Ladies, you have probably heard this at some point in the past — ‘You should do your Kegels!’ I hope that you have and that you do do them. If not, then let me do the honor — You should do your Kegels!
Ever wonder WHY?
A bit of background first. In the late 1940’s Dr. Arnold Kegel — an American gynecologist in Southern California — was doing research and documenting the benefits of exercising the muscles that comprise the pelvic floor. These exercises later became known as the ‘Kegels’. Yes, they are named after a MAN. Dr. Kegel’s subjects were women who had recently given birth and had sustained pelvic floor muscle injury as a consequence. He found that the sooner they started exercising, the quicker they returned to functional activity. The women that actively exercised their pelvic floor muscles had decreased urinary incontinence (loss of bladder control) and pelvic organ prolapse (descent of pelvic organs into the vaginal canal). Ouch! He even went on to publish articles about how pelvic floor exercises correct ‘vaginal texture and tone’ which in turn significantly improve sexual function — Amazing!
While Dr. Kegel’s research was on postnatal women, the benefits of these exercises have long been established to apply to ALL women, regardless of age and parental status.
So, to sum up, the benefits of a strong pelvic floor are: keeping pelvic organs (bladder, uterus, intestines, and rectum) in place, avoiding involuntary peeing or pooping, and of course improved sexual function!
Isn’t it crazy that this research was done more than half a century ago, yet so many women continue to suffer from conditions resulting from weak pelvic floors?
Knowing the importance of regularly doing Kegels is the first step, but do you know HOW to do them? A recent study confirmed that about a quarter of women are unable to do Kegels at all and another quarter — who report exercising routinely — are not doing them correctly. These findings are sad; however, there is hope. The researchers of this same study concluded that when women are given instruction and feedback, their Kegel performance significantly improves. This is good news, because it takes a few seconds to do this assessment and it can easily be incorporated into a pelvic floor exam conducted by your OB/GYN or women’s health physical therapist. Go ahead and ask during your next appointment.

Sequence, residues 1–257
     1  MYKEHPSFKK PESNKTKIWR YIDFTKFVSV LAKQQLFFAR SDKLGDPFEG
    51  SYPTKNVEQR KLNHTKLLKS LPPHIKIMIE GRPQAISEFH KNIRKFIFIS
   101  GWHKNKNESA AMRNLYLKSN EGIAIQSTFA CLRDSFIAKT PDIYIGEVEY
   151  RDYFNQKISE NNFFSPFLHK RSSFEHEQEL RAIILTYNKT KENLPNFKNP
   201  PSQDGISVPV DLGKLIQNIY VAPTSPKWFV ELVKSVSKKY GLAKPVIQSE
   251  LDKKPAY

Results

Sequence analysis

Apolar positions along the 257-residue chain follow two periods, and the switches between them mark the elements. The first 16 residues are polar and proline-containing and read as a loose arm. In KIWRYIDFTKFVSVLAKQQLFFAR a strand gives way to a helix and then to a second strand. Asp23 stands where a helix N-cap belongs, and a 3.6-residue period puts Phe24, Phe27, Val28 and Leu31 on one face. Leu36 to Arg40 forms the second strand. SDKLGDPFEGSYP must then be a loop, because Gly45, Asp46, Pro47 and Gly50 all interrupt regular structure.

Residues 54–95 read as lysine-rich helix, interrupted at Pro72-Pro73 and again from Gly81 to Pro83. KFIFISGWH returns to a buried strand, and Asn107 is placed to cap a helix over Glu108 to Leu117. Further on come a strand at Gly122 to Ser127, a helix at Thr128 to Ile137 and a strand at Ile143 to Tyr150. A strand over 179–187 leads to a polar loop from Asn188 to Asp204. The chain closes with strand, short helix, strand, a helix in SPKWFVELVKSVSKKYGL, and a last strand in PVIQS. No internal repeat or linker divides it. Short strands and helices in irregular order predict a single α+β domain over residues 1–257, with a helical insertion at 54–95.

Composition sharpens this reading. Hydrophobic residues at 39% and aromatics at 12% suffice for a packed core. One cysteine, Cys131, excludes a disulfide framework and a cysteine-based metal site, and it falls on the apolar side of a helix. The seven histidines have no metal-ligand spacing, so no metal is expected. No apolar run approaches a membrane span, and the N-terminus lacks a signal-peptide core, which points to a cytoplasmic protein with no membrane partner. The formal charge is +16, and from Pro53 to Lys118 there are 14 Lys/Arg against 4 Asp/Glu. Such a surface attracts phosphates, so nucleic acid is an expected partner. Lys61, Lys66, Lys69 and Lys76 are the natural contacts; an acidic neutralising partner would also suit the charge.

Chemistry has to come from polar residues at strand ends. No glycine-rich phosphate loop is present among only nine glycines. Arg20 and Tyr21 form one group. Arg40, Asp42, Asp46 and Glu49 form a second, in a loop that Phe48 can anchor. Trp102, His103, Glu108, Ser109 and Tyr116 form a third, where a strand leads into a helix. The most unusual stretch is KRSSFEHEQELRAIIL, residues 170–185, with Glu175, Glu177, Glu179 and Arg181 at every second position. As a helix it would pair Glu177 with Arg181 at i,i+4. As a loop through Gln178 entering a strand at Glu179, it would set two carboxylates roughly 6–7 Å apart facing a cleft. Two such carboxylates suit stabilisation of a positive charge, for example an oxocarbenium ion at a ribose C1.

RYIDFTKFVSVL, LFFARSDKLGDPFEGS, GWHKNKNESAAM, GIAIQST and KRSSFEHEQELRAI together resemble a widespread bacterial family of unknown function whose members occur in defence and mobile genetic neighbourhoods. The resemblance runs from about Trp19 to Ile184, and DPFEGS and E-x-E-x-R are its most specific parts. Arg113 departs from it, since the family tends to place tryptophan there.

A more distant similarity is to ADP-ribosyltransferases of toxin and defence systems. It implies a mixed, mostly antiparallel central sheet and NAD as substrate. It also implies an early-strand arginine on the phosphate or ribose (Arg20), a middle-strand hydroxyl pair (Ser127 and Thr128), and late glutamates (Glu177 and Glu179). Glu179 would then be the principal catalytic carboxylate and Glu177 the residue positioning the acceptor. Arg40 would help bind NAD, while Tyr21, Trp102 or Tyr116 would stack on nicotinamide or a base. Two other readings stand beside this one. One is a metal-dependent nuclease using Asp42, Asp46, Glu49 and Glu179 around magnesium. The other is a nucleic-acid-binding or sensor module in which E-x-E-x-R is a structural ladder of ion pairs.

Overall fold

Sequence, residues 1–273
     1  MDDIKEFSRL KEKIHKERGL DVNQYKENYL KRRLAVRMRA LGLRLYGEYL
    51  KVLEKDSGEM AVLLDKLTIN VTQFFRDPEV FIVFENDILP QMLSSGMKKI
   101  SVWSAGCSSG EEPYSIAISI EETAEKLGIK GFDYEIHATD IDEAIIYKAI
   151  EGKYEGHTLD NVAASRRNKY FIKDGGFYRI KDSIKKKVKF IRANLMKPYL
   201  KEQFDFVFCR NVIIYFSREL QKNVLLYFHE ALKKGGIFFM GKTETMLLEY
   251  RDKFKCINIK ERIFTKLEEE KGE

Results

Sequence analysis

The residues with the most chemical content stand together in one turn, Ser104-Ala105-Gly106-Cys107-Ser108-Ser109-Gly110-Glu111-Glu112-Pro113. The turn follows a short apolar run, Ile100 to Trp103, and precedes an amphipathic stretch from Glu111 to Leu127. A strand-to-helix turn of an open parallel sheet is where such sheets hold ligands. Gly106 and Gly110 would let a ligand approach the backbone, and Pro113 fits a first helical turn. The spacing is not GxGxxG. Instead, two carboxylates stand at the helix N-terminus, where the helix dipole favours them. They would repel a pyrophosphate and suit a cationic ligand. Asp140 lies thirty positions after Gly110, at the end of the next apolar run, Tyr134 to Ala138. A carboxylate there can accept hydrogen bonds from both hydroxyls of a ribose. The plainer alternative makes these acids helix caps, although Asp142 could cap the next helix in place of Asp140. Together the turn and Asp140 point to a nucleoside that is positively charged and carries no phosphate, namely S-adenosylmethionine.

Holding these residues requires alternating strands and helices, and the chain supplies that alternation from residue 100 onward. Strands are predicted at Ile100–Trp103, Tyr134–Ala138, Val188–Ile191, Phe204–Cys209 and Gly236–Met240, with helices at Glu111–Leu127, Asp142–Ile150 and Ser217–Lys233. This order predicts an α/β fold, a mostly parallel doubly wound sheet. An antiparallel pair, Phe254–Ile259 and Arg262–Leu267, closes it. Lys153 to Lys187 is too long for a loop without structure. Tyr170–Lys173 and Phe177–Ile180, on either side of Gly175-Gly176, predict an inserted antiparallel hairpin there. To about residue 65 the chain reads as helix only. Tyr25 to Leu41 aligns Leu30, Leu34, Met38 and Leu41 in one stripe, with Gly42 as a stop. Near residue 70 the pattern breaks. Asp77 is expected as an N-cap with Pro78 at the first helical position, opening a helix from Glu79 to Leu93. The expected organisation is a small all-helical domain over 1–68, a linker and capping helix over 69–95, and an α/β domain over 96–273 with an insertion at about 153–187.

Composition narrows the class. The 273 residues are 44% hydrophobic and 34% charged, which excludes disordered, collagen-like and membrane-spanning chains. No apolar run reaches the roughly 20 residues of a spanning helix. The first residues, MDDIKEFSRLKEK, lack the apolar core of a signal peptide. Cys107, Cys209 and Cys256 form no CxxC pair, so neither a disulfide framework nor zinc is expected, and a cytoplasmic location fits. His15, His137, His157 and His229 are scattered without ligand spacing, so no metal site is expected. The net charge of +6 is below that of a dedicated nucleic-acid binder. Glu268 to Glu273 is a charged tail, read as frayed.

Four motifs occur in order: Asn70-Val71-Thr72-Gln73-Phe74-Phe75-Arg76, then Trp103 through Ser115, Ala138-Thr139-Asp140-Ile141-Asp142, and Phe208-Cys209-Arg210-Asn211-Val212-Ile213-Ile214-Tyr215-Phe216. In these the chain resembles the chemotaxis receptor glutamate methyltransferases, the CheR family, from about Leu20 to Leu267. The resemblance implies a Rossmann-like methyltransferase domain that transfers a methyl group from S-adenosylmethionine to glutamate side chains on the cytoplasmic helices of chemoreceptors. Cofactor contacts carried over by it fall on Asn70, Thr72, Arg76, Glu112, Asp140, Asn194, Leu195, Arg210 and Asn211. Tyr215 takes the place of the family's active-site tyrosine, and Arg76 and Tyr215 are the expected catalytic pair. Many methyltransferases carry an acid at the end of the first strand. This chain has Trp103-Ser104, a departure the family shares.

At this point you’re probably wondering HOW to do Kegels correctly. Well, here are a few steps to get you started.
- If this is your first time, then lie down on your back with your knees bent and feet flat on the ground at hip’s width apart. As you get better at it, you can do Kegels sitting or standing… and even with weights!
- Inhale to prepare. As you exhale, squeeze the pelvic floor muscles as if trying to stop the pee flow midstream. Count for 3 seconds. It should feel like you’re pulling up and in towards your belly-button.
- Inhale and let go. Relax all the way as you count for 3 seconds.
- Repeat 6 times for 2 sets. Do daily, 2–3 times per day.
- Make sure you’re not holding your breath and keep in mind — your abdominals, glutes and legs should stay relaxed throughout.
- If this feels too easy, then increase your hold time and/or repetitions. Try to integrate Kegels into your regular exercise routine and daily activities.
- Note: If it feels like you’re pushing out or down towards your knees then you’re doing the opposite of a Kegel. Unless you’ve been instructed to do this by your health care provider, stop and seek instruction, because this can actually further weaken the pelvic floor.
Good luck! And remember that even though you can’t see them, the pelvic floor muscles are just as important as all the other muscles in your body and just like others they need to be worked out to stay in shape and function well.
Originally published at www.pelvicapt.com on June 29, 2015.